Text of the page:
“It’s beyond infuriating,” Oklahoma mother furious about legalization lawsuit

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OKLAHOMA CITY -  State leaders in Oklahoma are battling to ban the legalization of marijuana in Colorado.

Amy Hilterbran's son Austin has Dravet Syndrome, a catastrophic form of epilepsy that causes him to have up to 15 grand mal seizures a day even while on medication that is available here in Oklahoma.

"Every seizure, he would quit breathing. He would go into respiratory distress," said Hilterbran.

Since Colorado has alternative medicines like medical marijuana that aren`t available here in Oklahoma, Hilterbran decided to leave everything behind to find a plant that could save her son's life.

"We didn't have any hope. There were no prescription pills that they could have given Austin. He's not even a candidate for brain surgery. This was his last hope and it's working tremendously better than we could have ever dreamed," Hilterbran said.

She says she was furious with leaders in Oklahoma for weeding out all options of bringing the medicine to the state and keeping it from people like Austin.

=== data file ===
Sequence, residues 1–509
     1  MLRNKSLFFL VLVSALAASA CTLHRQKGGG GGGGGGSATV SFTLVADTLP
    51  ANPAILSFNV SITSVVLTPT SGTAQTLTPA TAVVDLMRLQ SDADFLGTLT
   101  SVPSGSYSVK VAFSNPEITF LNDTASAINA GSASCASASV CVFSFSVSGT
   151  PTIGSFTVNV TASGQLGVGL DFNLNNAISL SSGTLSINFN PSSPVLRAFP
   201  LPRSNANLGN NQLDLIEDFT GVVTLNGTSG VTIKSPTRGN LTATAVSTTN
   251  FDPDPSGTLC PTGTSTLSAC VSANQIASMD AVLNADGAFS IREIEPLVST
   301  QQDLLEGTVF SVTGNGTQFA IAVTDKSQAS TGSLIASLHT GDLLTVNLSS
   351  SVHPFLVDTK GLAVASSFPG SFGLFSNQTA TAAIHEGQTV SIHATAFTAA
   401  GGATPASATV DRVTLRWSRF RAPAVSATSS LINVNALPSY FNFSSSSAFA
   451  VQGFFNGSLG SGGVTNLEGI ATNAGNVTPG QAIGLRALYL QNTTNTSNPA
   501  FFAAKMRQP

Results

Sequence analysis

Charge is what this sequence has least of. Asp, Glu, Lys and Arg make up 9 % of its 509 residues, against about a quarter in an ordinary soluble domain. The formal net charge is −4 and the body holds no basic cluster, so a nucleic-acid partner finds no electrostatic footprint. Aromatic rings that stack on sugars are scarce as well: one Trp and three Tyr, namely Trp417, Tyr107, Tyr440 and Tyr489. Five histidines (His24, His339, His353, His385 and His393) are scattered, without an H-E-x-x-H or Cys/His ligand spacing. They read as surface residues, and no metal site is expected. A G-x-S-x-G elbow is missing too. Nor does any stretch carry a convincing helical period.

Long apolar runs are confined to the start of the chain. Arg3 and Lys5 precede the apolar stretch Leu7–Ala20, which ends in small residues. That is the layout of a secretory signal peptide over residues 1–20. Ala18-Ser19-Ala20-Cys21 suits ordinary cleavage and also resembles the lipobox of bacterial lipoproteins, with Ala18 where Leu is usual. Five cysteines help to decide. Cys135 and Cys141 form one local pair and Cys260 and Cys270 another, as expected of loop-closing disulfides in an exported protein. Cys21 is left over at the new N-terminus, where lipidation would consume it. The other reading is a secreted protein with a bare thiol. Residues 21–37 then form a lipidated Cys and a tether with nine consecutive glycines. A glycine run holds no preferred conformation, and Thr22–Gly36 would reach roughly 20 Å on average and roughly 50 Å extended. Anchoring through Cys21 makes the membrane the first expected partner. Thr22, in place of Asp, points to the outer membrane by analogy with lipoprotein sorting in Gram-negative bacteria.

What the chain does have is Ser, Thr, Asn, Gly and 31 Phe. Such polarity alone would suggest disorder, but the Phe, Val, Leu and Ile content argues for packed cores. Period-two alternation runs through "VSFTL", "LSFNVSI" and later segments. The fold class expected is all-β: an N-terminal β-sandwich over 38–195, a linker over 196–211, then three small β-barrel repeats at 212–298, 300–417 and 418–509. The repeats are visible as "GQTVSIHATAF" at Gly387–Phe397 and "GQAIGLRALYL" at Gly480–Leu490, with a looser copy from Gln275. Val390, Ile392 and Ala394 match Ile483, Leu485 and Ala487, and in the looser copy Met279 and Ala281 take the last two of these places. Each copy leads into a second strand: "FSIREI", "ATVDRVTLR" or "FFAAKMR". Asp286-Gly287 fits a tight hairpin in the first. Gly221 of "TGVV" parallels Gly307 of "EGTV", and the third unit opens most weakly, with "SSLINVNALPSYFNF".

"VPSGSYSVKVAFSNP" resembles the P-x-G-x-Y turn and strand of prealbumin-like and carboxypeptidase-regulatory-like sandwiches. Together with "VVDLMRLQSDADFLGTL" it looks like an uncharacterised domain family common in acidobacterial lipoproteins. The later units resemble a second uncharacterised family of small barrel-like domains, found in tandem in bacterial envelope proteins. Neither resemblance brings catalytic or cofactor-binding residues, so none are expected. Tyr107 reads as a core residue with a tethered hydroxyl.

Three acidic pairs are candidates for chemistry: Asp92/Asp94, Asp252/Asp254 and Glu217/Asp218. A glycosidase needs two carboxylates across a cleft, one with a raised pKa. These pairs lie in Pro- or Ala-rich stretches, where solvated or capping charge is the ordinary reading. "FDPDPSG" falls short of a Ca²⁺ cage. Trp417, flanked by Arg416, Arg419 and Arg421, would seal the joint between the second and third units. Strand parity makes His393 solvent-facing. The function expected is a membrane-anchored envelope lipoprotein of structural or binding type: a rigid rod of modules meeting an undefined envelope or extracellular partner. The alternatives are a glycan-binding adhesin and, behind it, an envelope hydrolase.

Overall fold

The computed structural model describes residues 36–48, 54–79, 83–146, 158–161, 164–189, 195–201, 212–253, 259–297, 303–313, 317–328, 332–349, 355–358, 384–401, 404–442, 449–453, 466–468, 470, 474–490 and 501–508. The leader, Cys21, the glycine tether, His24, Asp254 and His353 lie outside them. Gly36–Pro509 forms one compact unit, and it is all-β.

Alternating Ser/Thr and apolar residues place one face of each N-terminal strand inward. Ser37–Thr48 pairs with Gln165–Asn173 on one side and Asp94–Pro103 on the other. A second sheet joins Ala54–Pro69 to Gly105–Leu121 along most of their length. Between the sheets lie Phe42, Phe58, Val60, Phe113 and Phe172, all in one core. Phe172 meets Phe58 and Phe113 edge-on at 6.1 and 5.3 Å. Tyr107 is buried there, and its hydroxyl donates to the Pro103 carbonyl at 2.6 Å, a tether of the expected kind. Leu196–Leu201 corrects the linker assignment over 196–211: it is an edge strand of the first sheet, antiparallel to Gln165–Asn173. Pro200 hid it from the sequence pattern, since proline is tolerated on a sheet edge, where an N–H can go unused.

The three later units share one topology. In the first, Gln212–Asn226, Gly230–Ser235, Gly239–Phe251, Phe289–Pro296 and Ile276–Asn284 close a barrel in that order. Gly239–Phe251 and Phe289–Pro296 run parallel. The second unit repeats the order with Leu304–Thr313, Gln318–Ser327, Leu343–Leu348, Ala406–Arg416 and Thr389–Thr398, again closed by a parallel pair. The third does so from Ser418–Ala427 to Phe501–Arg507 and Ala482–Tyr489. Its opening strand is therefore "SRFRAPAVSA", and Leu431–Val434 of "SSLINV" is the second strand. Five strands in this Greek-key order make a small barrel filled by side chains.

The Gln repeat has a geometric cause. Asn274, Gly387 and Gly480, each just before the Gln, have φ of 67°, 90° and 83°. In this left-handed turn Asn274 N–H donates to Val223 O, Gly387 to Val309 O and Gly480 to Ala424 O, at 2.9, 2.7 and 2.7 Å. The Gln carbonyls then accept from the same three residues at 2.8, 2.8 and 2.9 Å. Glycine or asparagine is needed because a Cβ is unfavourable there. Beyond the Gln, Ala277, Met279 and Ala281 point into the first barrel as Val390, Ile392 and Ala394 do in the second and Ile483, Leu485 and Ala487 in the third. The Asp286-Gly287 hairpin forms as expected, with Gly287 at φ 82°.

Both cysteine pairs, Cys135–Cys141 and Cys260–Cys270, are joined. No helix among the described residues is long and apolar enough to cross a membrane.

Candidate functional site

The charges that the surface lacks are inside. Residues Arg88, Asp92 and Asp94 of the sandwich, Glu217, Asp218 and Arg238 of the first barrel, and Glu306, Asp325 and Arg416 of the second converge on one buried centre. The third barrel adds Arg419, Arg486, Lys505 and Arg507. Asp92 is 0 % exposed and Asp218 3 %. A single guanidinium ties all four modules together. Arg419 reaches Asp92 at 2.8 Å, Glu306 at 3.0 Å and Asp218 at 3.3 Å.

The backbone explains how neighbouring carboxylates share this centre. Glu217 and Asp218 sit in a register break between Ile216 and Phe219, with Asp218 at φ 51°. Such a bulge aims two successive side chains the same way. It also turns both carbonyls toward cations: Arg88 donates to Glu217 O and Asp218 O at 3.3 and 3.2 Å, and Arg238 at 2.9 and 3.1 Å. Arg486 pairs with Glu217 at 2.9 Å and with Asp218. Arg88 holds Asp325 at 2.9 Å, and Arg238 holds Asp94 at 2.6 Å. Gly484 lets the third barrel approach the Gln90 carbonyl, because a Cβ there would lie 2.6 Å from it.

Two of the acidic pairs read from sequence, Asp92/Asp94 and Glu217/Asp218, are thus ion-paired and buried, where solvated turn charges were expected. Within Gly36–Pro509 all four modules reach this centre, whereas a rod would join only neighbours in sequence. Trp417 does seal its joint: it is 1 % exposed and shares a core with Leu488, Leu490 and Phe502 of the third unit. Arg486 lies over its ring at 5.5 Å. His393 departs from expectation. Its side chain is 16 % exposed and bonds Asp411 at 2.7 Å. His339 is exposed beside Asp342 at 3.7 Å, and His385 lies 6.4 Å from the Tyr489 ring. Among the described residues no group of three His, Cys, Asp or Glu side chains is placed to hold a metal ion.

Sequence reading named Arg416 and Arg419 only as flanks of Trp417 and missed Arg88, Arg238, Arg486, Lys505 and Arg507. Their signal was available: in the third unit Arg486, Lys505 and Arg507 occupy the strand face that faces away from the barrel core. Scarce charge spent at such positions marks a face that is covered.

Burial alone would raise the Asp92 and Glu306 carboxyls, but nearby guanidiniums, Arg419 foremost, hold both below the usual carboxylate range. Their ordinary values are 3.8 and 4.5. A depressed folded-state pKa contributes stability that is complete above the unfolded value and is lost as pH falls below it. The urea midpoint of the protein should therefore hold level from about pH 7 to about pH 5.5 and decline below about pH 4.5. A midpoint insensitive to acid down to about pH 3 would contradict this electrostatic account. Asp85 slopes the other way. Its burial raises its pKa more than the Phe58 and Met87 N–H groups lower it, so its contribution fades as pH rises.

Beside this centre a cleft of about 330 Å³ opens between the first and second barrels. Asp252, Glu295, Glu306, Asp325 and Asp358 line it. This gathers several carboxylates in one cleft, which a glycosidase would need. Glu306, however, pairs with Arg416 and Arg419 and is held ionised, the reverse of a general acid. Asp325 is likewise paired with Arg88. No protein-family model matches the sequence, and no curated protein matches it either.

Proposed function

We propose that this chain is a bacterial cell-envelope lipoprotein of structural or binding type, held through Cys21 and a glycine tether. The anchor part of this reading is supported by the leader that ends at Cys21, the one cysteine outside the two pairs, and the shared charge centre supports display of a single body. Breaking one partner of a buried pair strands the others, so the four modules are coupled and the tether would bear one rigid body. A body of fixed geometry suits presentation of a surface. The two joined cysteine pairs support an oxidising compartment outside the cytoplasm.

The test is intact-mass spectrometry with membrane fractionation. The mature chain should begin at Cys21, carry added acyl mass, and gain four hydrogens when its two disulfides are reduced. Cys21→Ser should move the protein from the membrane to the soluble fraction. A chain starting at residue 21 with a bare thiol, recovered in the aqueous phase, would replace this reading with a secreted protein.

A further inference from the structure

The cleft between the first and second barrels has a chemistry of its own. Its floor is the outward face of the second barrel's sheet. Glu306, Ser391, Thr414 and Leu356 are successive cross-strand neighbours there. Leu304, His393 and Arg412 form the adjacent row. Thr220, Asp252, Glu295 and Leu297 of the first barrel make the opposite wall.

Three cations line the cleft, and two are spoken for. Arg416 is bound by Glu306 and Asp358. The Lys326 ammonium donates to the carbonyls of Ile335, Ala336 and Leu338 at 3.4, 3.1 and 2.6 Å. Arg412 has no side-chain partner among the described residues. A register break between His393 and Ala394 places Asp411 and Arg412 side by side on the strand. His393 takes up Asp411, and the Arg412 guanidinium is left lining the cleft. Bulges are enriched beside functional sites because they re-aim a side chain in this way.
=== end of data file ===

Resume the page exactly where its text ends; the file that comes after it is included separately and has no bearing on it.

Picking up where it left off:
Austin is one and half weeks into the cannabis oil treatment and has gone three days without a seizure.

"Unheard of in our life, unheard of," she said.

However, news of a lawsuit filed by Oklahoma and Nebraska that asks the Supreme Court to strike down Colorado's legalization laws has Hilterbran furious.

"It's helping children with seizures and my state, our home state, wouldn't allow us access. It's beyond infuriating. This is America in 2014 and it's a plant," she said.

Oklahoma Attorney General Scott Pruitt issued the following statement about the lawsuit:

“Fundamentally, Oklahoma and states surrounding Colorado are being impacted by Colorado’s decision to legalize and promote the commercialization of marijuana which has injured Oklahoma’s ability to enforce our state’s policies against marijuana. Federal law classifies marijuana as an illegal drug. The health and safety risks posed by marijuana, especially to children and teens, are well documented. The illegal products being distributed in Colorado are being trafficked across state lines thereby injuring neighboring states like Oklahoma and Nebraska. As the state’s chief legal officer, the attorney general’s office is taking this step to protect the health and safety of Oklahomans.”

"If a plant saves my son's life, then there's no reason it shouldn't be legal," Hilterbran said in September.

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